Assistant Professor at the University of Birmingham

Disc formation simulations

The main results described in this paper are shown in the five movies below. In the first three, the orbit of the disrupted star is fixed (with an eccentricity e=0.8 and a penetration factor β=5) varying both the gravitational potential (either relativistic or Keplerian) and the cooling (either efficient or inefficient). In the last two, the gravitational potential and the cooling are fixed (to relativistic and efficient) and the orbit of the star (either the eccentricity or the penetration factor) is varied.

1. Relativistic potential and efficient cooling (model RI5e.8 in the paper): relativistic apsidal precession induces self-crossings of the stream which generate shocks. As a result, the debris move from their initial eccentric orbits to circular orbits. They settle into a thin and narrow ring.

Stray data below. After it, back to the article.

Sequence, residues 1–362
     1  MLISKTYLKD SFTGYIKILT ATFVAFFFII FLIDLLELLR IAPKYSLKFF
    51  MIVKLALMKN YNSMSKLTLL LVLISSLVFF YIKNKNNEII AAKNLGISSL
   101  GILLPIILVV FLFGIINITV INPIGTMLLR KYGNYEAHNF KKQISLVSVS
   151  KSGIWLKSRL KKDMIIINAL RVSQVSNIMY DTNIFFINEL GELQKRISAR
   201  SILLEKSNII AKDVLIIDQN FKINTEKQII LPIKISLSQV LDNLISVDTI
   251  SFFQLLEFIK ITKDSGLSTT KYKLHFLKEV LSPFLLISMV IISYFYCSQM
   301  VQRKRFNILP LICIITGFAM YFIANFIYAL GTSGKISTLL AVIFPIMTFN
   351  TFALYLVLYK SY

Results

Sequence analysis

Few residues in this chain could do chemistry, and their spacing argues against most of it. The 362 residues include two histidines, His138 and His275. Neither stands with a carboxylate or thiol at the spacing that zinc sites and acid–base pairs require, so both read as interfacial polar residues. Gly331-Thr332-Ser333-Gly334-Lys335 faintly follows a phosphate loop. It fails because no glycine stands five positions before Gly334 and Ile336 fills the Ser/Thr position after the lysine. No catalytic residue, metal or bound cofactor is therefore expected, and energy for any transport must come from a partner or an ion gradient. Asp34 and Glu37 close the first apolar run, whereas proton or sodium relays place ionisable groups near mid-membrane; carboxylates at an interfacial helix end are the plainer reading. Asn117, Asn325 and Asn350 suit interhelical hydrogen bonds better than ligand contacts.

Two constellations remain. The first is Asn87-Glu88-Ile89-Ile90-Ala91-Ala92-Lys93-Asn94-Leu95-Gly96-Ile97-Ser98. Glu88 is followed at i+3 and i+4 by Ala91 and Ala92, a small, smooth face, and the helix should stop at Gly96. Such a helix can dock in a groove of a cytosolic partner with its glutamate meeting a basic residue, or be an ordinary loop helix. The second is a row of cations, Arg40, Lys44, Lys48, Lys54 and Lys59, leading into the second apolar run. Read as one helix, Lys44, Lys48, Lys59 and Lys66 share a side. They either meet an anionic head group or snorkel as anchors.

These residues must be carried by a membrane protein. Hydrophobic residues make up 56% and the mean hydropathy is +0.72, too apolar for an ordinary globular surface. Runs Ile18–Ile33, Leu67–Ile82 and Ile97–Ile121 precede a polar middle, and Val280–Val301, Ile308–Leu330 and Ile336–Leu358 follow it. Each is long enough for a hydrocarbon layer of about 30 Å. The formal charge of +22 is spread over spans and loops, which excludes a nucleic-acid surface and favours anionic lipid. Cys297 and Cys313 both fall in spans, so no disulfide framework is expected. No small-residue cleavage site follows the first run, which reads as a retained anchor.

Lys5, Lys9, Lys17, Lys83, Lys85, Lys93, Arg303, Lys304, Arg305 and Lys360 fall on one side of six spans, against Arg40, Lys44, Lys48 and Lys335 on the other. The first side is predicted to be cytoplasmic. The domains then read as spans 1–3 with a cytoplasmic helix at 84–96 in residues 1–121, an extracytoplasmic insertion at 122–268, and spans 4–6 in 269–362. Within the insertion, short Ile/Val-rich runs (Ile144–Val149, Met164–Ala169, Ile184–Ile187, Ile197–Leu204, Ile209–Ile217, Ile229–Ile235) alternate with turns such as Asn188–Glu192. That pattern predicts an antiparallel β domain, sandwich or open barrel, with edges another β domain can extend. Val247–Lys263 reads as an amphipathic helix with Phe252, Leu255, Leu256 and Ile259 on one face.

2. Keplerian potential and efficient cooling (model KI5e.8 in the paper): when relativistic precession is switched off, the debris keep their initial eccentric orbits instead of moving to circular orbits. They settle into an elliptical structure.

3. Relativistic potential and inefficient cooling (model RA5e.8 in the paper): the debris settle into a thick and extended torus instead of a thin and narrow ring.

4. Lower penetration factor of β=1 (model RI1e.8 in the paper): as the stream passes further from the black hole, apsidal relativistic precession is weaker which leads to weaker shocks. As a result, the debris move slower to circular orbits.

5. Larger eccentricity of e=0.95 (model RI5e.95 in the paper): as the stream is more eccentric, it self-crosses after its first passage near the black hole which involves more material. Therefore, the debris move faster to circular orbits.